“I figured it was going to be a White guy between 25 and 55 because they’re the root of most evil … but what do I know?” Rhodes quipped.
A few hours later, she apologized and said the remark was “a poor attempt at humor.”
The university received more than 300 complaints about the remark, officials say.
Last month, the university announced it was looking for a new vice president of university relations, a position Rhodes had held for the past 10 years.
In a statement, Rhodes said she’s had the “honor and privilege” to serve two university presidents and that after a decade, “I’ve chosen to return to my career in legal work and teaching.”
Rhodes, who holds bachelor’s and master’s degrees in nursing as well as a law degree, will spend part of her time as associate counsel in the university’s Office of the General Counsel, the statement says.  
She also will teach in the College of Nursing and in the College of Education’s program in higher education administration, it says.
Meanwhile, the U.S. Department of Education has dismissed a complaint about the statement filed by the European American Issues Forum, saying that the organization did not provide facts to support its allegation of a hostile environment for White men on the campus.
Also last month, the state civil rights commission decided not to pursue a complaint stemming from the remark.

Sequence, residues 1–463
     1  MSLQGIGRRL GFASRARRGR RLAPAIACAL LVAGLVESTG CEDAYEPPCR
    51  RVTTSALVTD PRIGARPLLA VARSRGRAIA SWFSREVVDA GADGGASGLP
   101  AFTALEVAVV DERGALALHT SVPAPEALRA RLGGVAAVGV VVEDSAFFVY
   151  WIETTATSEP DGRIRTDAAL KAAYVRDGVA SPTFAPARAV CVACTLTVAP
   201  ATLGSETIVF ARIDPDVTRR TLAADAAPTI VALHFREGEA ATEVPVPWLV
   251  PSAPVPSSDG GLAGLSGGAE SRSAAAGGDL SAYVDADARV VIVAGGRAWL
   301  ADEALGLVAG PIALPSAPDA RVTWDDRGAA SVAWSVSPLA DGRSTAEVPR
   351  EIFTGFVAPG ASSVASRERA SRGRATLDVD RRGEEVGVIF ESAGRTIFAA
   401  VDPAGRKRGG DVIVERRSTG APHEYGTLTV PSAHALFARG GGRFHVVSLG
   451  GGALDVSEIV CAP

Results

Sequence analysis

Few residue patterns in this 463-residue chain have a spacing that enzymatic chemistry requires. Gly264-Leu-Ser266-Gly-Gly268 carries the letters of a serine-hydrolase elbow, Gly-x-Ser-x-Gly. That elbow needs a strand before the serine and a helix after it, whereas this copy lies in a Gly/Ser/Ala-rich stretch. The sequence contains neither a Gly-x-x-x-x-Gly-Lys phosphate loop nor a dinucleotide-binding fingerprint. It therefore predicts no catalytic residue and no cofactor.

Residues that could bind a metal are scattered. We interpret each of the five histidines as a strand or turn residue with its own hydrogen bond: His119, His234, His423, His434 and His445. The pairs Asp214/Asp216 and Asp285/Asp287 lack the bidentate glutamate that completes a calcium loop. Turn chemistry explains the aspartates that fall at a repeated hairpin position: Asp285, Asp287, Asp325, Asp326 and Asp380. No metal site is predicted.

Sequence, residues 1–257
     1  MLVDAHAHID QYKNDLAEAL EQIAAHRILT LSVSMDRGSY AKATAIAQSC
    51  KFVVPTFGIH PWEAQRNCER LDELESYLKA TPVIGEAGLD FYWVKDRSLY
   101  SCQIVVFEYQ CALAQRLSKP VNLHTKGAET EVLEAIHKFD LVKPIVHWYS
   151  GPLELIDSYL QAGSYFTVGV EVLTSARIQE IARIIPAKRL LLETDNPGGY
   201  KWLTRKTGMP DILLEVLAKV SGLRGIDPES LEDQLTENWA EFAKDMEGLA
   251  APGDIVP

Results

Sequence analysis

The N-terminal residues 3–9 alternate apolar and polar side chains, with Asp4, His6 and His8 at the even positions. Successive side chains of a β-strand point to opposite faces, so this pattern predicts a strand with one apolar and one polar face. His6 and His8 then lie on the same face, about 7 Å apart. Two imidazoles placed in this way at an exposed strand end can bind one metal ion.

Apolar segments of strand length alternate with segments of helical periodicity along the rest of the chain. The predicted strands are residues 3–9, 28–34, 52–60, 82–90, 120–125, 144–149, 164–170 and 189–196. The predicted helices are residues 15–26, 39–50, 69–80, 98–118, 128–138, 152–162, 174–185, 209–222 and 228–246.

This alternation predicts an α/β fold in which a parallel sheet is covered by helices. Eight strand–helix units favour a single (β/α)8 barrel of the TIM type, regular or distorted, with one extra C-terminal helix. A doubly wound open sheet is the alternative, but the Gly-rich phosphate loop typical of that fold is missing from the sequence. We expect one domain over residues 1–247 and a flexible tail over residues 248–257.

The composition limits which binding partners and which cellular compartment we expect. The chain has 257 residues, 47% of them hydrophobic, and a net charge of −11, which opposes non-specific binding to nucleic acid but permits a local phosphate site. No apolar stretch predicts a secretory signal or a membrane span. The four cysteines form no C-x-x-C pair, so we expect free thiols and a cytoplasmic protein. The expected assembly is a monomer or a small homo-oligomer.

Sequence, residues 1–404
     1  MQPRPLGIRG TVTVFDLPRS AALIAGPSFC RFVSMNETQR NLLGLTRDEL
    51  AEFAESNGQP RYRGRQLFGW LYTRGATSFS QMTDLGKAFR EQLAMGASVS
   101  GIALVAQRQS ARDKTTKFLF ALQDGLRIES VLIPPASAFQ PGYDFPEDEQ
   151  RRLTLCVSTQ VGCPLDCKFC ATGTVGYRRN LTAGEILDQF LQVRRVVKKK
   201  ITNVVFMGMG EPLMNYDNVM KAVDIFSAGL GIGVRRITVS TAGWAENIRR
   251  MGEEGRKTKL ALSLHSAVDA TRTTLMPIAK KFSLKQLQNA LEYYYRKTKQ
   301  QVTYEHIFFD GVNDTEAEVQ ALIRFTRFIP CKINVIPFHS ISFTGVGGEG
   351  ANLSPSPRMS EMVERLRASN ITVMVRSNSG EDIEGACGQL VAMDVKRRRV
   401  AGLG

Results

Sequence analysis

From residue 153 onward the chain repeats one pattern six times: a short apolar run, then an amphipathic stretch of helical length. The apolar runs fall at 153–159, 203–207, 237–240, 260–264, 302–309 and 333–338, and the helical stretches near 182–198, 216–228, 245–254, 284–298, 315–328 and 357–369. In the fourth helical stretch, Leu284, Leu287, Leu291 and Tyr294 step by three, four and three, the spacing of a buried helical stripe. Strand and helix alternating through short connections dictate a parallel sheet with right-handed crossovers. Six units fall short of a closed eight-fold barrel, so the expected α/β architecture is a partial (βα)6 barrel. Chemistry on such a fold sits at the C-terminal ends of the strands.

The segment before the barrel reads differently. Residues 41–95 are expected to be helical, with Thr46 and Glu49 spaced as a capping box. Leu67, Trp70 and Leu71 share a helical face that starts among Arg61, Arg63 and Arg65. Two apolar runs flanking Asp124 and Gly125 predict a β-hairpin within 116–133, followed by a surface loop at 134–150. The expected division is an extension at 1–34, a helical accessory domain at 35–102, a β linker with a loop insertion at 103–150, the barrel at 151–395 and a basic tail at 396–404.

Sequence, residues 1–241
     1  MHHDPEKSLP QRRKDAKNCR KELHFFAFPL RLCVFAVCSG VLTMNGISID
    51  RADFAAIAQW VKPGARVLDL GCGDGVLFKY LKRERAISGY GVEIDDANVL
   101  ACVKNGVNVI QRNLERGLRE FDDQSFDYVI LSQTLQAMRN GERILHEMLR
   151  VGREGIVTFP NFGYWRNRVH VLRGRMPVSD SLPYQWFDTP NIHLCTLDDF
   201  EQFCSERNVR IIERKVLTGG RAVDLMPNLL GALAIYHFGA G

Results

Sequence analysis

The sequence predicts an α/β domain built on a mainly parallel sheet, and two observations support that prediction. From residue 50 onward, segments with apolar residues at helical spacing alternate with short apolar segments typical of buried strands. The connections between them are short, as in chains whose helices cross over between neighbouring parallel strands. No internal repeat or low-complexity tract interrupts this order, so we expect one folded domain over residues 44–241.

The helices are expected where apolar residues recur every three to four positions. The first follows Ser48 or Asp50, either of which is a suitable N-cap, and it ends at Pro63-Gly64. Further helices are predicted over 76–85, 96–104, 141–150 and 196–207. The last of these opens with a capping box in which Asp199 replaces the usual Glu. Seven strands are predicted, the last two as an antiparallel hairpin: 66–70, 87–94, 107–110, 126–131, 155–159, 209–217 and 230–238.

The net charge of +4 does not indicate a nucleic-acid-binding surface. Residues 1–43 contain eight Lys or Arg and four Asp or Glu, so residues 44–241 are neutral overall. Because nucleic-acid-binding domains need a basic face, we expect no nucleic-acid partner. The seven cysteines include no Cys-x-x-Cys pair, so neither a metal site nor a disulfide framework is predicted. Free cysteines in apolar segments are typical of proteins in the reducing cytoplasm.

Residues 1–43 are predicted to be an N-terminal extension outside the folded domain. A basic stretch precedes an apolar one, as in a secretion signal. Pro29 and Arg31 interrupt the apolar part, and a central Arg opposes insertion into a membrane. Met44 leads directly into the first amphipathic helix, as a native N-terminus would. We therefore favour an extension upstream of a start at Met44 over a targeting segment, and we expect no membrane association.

Portrait Removed From Texas A&M After Complaint Over
Robert E. Lee Image
COLLEGE STATION, Texas — Officials have removed a portrait of former Texas A&M University president Gilbert “Gibb” Gilchrist from the school building named after him because its background had an image of Confederate Gen. Robert E. Lee.
Herbert Richardson, director of the Texas Transportation Institute, says he ordered in late May that the portrait be taken down from the lobby of the institute’s research building on the university’s west campus after receiving a complaint that Lee’s image carried racist overtones, the Bryan-College Station Eagle reported last month.
The painting pictured Gilchrist in the foreground with a portrait of Lee in the background.
“I felt that the lobby of that building is not the place for a confrontation between admirers of Robert E. Lee and those who view him as a symbol of slavery,” Richardson says.
Officials are considering whether to display the portrait, painted in the early 1950s, in another location or keep it in storage. Meanwhile, a plaque honoring Gilchrist is planned for the space where the painting had hung.
Gilchrist’s son, Henry Gilchrist, a Dallas lawyer, declined to criticize the decision.
He says his father was an admirer of Lee. Gilbert Gilchrist’s father, Angus Gilchrist, was a Confederate soldier in the Civil War.